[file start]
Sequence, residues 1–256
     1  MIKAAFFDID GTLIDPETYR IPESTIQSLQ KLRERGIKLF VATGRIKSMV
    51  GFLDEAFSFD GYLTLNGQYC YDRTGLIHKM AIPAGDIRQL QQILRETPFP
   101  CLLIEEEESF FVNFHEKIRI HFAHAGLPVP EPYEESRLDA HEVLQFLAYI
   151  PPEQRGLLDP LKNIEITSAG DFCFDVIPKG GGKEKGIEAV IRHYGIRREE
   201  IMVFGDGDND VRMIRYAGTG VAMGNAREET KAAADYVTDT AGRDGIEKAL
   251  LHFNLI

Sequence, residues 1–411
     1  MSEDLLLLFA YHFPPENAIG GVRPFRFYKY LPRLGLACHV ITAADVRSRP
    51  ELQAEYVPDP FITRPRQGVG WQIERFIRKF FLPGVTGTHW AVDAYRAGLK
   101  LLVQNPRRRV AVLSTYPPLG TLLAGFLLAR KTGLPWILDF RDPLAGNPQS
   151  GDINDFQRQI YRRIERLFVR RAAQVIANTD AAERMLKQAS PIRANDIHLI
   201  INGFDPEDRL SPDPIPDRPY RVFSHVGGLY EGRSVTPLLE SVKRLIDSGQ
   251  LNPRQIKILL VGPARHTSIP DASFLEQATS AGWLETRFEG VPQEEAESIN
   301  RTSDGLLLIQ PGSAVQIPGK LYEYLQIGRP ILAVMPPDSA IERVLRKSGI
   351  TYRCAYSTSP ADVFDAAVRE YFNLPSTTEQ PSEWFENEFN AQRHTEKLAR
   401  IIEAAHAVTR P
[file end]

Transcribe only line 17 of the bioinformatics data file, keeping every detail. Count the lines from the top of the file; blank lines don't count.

   401  IIEAAHAVTR P